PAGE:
Here in China, over a meal, they asked, “You live in America. Why don’t you own guns?” The general impression is that every Americans owns guns. Many Washingtonians do. This state has very liberal gun laws. It seems that everyone I knew has an arsenal that will put a small country’s military to shame. Why don’t I own guns?
Economically, it makes little sense. Although guns are not hugely expensive. They are also not impulse buys. A decent hand gun costs several hundred dollars. In addition, you need to amass the ammunition and accessories. The hunting season is short and I don’t enjoy that anyway. So the only recreation is target shooting. Ranges are not that many and shooting in the wilderness is a trouble-some thing to do. Put it simply, you don’t get much use out of those guns you own.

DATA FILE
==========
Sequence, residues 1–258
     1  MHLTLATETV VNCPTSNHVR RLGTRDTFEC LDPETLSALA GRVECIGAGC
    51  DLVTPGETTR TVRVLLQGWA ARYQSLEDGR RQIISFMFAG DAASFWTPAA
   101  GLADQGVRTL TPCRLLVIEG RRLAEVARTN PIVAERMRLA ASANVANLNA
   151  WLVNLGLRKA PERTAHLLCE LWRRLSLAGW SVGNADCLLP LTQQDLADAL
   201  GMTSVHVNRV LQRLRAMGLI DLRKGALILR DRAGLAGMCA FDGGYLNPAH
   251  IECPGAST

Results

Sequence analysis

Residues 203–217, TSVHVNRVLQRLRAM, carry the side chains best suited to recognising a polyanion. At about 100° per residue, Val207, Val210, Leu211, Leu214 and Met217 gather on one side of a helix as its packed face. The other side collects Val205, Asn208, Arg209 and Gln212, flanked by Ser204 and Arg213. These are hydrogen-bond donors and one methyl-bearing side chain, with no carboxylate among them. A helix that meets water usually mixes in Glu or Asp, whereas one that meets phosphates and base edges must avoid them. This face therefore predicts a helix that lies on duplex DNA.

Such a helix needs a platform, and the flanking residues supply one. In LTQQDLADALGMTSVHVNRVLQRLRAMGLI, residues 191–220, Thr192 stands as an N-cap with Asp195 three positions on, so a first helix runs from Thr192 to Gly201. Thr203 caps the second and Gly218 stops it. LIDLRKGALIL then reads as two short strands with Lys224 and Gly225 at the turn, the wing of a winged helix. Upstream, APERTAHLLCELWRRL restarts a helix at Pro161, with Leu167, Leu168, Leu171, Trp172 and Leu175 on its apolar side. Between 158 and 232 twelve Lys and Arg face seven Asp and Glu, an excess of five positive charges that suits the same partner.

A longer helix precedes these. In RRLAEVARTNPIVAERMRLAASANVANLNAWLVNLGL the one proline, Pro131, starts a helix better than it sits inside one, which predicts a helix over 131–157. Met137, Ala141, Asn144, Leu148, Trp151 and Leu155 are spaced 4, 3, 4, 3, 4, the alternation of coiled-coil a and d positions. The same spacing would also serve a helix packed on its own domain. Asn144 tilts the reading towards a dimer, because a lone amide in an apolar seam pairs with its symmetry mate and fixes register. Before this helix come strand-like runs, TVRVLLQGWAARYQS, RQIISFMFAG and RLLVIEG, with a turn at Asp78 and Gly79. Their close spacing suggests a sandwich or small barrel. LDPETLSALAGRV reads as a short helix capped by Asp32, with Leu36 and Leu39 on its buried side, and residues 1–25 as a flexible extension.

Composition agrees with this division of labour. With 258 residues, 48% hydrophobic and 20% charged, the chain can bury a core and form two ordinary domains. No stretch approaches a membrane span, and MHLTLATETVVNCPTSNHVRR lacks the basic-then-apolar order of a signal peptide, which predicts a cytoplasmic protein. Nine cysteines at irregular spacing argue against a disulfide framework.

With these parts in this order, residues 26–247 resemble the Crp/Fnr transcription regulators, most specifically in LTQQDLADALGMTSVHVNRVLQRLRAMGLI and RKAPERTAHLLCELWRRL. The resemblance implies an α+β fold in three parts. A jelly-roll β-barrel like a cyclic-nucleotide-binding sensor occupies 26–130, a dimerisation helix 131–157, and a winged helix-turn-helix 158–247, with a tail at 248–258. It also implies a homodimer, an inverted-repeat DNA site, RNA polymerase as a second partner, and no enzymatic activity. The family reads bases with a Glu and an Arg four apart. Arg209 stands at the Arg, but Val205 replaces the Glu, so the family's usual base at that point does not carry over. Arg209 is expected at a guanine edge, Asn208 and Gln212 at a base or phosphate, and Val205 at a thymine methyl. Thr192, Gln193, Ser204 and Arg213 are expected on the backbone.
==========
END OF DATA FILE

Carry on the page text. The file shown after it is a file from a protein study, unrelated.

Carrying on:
The “self protection” value of guns are a myth. In the event of an intruder, few people have the training to use guns to protect themselves. It takes skills and practices to shoot another person. The consequence of failure, or even success, can be dire. The emotional trauma of killing someone is severe, even in self-defense. The truth is, I may not be that tough to use guns to protect myself.
More than likely, guns are misused during the emotionally heated moments against love ones. Having a gun escalates and amplifies the consequence of strong and negative emotions. Tears and shouting become blood and death, instead of just hurt feelings and broken hearts. Note that guns do not enhance the positivity. They don’t make your birthdays, wedding, or other celebrations more enjoyable.
Lastly, there are accidents: kids playing with the wrong toys; adults not being careful handling them; or just wrong things being together at the wrong time.
When I want to have fun shooting, I go to a gun range, rent a few pieces, buy some boxes or ammo, and shred pieces of paper with bullets. I get this “fix” once in a couple of years.
And that’s just fine with me.